The Cornell men's lacrosse team is on a mission.
After being unseeded in the 16-team NCAA Division I tournament, the Big Red wants to prove that it was slighted and is one of the best teams in the country.
After Cornell defeated No. 3 seed Ohio State, 16-6, on Saturday in the quarterfinals at Maryland's Byrd Stadium, there are few who will argue.
In fact, the Big Red just might be the best.
"We were excited to hear our name called on Selection Sunday," said Cornell coach Ben DeLuca, who is in his third season. "Were we surprised we were unseeded? A little bit. We're going to be underdogs from here on out, but it's not something we're not prepared for."
The Big Red (14-3) knocked off No. 6 Maryland, 16-8, in an opening-round game last week in College Park, but Saturday's win against Ohio State (13-4) was even more impressive. Cornell attackmen Rob Pannell and Steve Mock combined for 15 points as the Big Red led from 32 seconds into the game, when Mock scored the first goal.
This win was sound and methodical as Cornell took apart the Buckeyes in every phase. Mock had seven goals, and Pannell had two goals and six assists. Cornell outshot Ohio State 37-20 won 16 of 26 faceoffs and had a 39-28 advantage in ground balls.
The Big Red appears to be peaking at the right time.
"I've been impressed with our focus in practice, and we've spent a lot of time developing depth, not just working on our first team," DeLuca said. "We've grown in tremendous fashion from the start of the year. We're playing our best lacrosse right now, but we know we can play better."
It's hard to imagine that Cornell could play any better. The Big Red is averaging 15 goals per game in the postseason and shut down Ohio State and its top attackman, Logan Schuss, who finished with one goal and two assists.
Despite playing variations of zone and man-to-man defenses in the first half, Ohio State couldn't stop Mock or Pannell, and the Buckeyes also lost 11 of 16 first half faceoffs. Cornell led 11-3 at the half, and the rout was on.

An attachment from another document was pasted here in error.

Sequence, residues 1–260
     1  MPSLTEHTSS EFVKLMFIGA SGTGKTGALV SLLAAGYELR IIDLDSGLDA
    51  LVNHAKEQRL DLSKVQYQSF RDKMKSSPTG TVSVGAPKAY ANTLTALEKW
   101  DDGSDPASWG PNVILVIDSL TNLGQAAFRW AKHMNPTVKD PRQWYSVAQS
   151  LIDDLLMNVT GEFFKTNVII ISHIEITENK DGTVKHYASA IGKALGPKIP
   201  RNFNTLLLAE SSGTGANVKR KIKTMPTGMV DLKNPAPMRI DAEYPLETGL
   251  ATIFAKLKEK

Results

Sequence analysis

"They've got guys that can put the ball in the back of the net," Ohio State coach Nick Myers said. "It's not necessarily just one guy that hurts you. I think, to be honest with you, they just had more possessions. When you give a team like that a lot of opportunities to get in a rhythm, they can find it.
"We struggled a little bit to come up with some loose balls in the faceoffs," he said, "and I think that was key. I think that contributed to them getting into a bit of rhythm on the offensive end. It's a great group of guys that we prepared for."
According to DeLuca, his team focuses more on itself than on the next opponent. Of course, the opposition has to focus on Mock and Pannell. Pannell, a Tewaaraton Award finalist and two-time winner of the Jack Turnbull Award as the nation's top attackman, is considered by many to be the best player in the college game. By halftime Saturday, he already had five assists, three of which came on goals by Mock.
"We stressed all week in practice about shooting, being selective and staying disciplined," Pannell said. "We wanted to stick with our game plan, and when we do that we tend to be very successful."Copyright © 2015, The Baltimore Sun